When Chuck Williams opened his first store in Sonoma in 1956, he introduced a European aesthetic that revolutionized the way Americans cook at home and helped brand the city as a place to enjoy the good life.
But Williams-Sonoma, which is now a $3 billion juggernaut with 268 stores nationwide, could face an uphill battle over its plans to return to Sonoma and open a store at the original site on Broadway where Williams, who is 97, got his start.
That's because the City Council is weighing whether to pass new regulations for chain stores, or formula businesses as the city calls them. On Wednesday, the council will vote whether to enact a moratorium on such businesses until a decision is reached on a proposed ordinance.
"It would be an unfortunate consequence for Williams-Sonoma to not be welcomed back to Sonoma because we have decided that they are too successful for us," said Sonoma Mayor Joanne Sanders, who is a staunch opponent of chain store regulations.
Representatives of Williams-Sonoma, which is based in San Francisco, met Friday with city officials to discuss the company's desire to open the store in Sonoma. The company is in escrow to purchase the building at 601 Broadway where Chuck Williams first started selling high-end cookware.
"We don't comment on our real estate until we have a fully executed lease," Williams-Sonoma spokeswoman Rebecca Weill said Friday.
Williams moved the original store to San Francisco after being open in Sonoma only two years. But he told people he kept the name because it had cachet.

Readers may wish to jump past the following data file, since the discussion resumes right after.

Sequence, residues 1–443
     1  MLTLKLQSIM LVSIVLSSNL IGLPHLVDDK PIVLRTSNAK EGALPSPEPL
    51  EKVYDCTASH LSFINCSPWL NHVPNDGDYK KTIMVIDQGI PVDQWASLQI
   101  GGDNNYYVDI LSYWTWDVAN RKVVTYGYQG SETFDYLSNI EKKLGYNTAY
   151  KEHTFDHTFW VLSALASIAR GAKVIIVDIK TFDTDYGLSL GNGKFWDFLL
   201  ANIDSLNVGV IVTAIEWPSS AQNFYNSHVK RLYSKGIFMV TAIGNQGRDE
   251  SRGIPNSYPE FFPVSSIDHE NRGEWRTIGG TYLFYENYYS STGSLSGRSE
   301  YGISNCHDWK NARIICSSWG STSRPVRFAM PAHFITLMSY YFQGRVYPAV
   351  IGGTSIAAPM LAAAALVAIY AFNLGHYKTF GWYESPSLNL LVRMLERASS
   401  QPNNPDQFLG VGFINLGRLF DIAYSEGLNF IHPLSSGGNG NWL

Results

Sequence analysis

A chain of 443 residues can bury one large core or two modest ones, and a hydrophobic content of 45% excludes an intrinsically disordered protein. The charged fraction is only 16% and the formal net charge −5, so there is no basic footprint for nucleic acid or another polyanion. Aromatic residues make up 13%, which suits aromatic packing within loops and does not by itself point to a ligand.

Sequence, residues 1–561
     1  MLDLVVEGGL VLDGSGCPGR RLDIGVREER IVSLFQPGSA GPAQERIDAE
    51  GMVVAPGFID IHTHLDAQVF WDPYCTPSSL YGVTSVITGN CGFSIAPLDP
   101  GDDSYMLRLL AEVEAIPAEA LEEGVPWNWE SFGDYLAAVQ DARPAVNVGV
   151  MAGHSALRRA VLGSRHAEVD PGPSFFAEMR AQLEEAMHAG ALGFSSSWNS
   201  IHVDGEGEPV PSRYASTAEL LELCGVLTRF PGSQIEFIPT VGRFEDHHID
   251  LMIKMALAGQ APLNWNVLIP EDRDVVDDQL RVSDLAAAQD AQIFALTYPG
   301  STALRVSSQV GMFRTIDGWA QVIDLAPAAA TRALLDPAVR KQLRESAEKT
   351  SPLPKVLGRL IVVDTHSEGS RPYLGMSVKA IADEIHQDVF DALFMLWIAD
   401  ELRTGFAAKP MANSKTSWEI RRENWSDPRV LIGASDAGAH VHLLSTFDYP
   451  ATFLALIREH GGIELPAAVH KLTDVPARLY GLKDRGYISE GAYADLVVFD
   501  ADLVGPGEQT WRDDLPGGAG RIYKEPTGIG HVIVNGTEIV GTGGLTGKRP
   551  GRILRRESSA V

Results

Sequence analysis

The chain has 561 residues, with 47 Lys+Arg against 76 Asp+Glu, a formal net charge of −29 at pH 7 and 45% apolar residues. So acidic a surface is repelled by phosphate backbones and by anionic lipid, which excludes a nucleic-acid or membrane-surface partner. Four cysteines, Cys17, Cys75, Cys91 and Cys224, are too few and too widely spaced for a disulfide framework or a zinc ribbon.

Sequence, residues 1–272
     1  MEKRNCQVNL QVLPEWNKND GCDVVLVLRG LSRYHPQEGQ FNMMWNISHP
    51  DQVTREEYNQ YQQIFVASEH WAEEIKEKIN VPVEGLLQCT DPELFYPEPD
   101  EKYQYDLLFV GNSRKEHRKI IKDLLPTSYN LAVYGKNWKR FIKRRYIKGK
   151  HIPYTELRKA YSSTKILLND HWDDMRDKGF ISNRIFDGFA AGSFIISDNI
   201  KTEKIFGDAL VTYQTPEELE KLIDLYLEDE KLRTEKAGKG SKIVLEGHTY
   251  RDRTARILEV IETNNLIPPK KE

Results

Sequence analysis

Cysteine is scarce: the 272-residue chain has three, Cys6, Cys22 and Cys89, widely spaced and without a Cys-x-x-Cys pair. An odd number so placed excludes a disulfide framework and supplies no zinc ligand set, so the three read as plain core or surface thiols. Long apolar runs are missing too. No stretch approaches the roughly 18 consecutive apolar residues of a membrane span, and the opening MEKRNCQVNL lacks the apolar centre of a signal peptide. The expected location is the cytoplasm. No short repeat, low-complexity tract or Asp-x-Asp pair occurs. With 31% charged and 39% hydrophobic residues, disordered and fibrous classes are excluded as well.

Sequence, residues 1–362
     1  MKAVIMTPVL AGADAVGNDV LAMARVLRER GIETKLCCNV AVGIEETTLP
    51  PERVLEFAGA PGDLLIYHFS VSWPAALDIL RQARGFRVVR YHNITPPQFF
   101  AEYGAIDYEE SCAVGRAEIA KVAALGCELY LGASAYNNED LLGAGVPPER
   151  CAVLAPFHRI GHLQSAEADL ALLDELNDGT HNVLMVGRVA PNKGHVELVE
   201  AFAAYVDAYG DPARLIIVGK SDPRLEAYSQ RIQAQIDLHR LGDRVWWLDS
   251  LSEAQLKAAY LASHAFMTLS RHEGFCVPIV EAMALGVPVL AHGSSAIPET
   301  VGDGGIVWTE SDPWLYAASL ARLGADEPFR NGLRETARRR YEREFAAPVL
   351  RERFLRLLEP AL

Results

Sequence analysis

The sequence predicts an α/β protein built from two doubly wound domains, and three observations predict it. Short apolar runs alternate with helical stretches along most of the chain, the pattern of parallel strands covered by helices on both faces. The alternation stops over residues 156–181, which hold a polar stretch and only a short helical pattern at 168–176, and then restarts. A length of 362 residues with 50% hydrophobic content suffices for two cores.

The city of Sonoma benefited by the brand-association. There is some irony then with the chain now becoming a test of how far city leaders want to go in regulating formula businesses. Williams-Sonoma also owns Pottery Barn.
The current discussion was sparked by the opening of a Staples store last year in what had been the site of a Ford dealership. The recommendations of a controversial ad-hoc committee led by Councilman Steve Barbose are now the basis of a draft ordinance that will be taken up by city leaders.
Barbose declined comment on Friday.
Under the proposals from the ad-hoc committee, formula businesses would be defined as any that include 10 or more outlets, excluding hotels, offices, financial institutions and other types of service businesses.
These businesses would need a use permit to open. Those going in to shopping centers with five or more tenants would be exempt from the rules.
The proposed Williams-Sonoma store is within the city's historical district but outside the plaza area, where the proposed regulations call for banning businesses that include more than 250 outlets.
In Friday's meeting, Williams-Sonoma representatives told city officials that the company wants to build a store that is about a third of the size of a normal outlet, said David Goodison, the city's planning director.
City Manager Linda Kelly said the plans were characterized as a "boutique" that would showcase the company's origins and maybe include facilities for cooking demonstrations.
"It was very positive," Kelly said. "I felt it would be terrific to have such a successful business that started here to re-establish here."
The use permit that Williams-Sonoma would have to obtain under the proposals made by the ad-hoc committee would include three additional criteria specific to formula businesses, according to Goodison.